The Crimean war left a noticeable impact in the Australian geography. During the War Australia was literally flooded by the Russian names as new territories were developed, new gold mines opened and new streets built. There are the towns of Alma and Balaklava in South Australia, Sebastopol – in NSW, an Alma lake in South Australia. Queensland is also rich of Crimean names: there are at least eight towns, rivers and mountains named Alma there. There also Inkerman, Balaklava, Malakhoff Range. Let’s add that the Crimean names are abundant among the streets of Melbourne, Sydney, Perth and other cities. For example, the Eastern part of the St Kilda suburb in Melbourne are crossed by three major arteries – Balaklava, Inkerman and Alma, and between them there are the Odessa, Crimea, two more Alma, Sebastopol Malakhoff streets and the Alma park. In the adjacent suburb of Caulifield there are the Sebastopol, Malakhoff and Crimea streets. Similar bundles of the Russian names may be found in other suburbs of Melbourne. Some towns and streets carry names of commanders of the Allied troops which fought in Crimea – Saint Arnaud (French General), raglan (commander of the Allied troops who died of cholera during the war)< Cardigan (commander of the infamous Light Cavalry Brigade which suffered heavy losses from the Russian artillery during a mindless frontal attack). Soon after the war an English traveler Charles Dilk found that knowing the main events of the Crimean War one can trace the sequence of settling in Victoria: «Saint Arnaud—is a town between Ballarat and Castlemain, Alma is nearby, whilst the Balaklava Hill is near Ballarat, where there are also raglan and Sebastopol. Inkerman is not far from Castlemain, the Malakhoff mine, discovered undoubtedly by the end of the war lies to the north…" It is noteworthy that late in the XIX century during the gold rush in Western Australia many gold diggers and miners cane to the new places from Victoria. Here they called some new diggings and mines with the "Crimean" names.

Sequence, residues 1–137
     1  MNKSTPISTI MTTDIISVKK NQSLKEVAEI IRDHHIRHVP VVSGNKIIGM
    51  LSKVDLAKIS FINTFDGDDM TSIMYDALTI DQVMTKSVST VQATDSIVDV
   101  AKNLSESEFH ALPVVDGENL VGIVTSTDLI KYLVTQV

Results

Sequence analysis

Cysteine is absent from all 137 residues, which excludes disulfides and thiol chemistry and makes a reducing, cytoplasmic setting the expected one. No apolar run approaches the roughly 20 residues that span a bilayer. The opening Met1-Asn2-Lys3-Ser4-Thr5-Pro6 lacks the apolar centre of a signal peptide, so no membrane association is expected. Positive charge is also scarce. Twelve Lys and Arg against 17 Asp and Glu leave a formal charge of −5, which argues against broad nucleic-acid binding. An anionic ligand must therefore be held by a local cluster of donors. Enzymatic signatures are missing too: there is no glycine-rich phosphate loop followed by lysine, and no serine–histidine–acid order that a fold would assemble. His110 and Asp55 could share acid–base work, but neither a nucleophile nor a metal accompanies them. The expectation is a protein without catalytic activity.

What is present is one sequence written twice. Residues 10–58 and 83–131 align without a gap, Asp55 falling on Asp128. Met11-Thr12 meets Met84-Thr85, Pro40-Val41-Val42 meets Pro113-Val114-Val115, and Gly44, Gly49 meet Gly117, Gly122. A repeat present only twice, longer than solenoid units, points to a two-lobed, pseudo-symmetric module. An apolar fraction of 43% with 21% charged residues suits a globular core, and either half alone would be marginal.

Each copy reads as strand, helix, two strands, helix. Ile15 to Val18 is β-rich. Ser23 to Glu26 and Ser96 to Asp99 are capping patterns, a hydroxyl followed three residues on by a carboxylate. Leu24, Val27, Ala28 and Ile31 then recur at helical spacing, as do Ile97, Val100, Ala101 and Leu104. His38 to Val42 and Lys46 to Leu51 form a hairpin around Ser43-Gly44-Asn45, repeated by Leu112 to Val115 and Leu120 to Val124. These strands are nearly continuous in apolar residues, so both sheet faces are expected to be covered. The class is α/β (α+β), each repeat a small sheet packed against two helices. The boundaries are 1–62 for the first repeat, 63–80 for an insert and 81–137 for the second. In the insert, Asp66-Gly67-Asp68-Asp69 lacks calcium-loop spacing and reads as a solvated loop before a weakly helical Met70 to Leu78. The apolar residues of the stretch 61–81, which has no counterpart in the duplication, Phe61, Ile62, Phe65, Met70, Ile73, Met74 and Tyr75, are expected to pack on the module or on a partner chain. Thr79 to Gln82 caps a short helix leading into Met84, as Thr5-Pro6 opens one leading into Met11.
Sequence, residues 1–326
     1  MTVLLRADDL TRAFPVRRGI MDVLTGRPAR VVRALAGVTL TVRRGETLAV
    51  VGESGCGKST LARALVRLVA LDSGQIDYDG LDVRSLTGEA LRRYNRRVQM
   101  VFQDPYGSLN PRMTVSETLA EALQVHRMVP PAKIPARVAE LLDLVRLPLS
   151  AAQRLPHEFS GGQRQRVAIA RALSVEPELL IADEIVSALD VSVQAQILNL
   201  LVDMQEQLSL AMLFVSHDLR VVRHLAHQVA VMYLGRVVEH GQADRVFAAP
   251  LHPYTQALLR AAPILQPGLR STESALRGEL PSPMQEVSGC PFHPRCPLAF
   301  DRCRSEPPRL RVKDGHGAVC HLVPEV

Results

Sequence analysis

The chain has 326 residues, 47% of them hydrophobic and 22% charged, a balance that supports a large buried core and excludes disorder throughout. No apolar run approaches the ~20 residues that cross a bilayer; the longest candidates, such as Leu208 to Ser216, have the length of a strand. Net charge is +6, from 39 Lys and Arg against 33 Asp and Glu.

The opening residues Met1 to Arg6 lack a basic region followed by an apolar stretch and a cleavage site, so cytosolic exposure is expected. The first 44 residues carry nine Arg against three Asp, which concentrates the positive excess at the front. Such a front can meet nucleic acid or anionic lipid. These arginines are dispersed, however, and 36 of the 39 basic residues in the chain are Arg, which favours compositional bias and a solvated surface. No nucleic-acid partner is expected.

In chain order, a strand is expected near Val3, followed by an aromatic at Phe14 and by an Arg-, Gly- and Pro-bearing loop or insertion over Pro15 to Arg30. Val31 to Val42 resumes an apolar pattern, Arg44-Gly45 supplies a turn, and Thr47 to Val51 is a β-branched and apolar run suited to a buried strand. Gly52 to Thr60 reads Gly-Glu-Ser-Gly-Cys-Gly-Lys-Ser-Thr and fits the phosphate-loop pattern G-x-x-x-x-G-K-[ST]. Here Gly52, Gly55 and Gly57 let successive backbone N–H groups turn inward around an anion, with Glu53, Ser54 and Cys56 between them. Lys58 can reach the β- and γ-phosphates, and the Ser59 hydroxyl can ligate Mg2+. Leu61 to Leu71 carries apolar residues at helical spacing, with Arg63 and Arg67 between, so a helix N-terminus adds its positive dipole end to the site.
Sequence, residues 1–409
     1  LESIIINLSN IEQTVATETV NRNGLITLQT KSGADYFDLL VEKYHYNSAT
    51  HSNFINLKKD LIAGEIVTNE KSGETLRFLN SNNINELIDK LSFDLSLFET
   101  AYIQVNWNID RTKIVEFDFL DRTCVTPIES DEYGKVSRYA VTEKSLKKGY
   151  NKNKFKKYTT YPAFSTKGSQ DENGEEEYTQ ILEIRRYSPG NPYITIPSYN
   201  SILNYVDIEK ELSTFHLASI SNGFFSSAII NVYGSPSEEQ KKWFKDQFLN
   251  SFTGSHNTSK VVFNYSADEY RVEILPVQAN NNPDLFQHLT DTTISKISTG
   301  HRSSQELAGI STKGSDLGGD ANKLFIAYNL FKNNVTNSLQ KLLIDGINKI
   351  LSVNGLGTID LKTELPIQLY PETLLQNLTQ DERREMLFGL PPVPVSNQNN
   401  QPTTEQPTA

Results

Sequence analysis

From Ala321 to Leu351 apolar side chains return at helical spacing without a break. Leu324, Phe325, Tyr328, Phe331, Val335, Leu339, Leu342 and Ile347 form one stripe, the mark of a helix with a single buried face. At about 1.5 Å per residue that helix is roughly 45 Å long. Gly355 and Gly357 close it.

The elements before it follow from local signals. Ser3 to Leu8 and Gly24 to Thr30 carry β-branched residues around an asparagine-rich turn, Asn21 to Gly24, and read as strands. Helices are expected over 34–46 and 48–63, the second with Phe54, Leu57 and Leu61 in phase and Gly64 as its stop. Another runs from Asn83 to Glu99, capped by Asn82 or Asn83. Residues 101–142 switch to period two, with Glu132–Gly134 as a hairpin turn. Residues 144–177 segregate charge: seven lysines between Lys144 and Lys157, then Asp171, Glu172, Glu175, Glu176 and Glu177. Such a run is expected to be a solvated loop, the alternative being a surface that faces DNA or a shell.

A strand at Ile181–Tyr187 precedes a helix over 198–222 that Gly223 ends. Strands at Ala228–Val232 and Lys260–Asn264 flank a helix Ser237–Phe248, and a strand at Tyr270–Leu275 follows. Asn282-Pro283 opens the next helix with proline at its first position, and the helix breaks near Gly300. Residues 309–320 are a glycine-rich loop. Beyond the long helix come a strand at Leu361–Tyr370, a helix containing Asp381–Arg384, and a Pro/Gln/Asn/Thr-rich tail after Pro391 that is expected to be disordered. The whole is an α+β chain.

The Crimean War left a huge impact on the Australian society, and not only on formation and realization of its defense doctrine, but also on its political self-consciousness and consolidation, maturing of the ideas of Australian nationalism what later led to foundation of the Australian Federation. As to the image of Russia in the Australian minds, alas, nearly three years of daily anti-Russian propaganda had not added much to their knowledge, on the contrary, at the time a consistent set of negative stereotypes of Russia and the Russians settled for long in their consciousness. A century after these feeling will ignite again during the so called Cold War.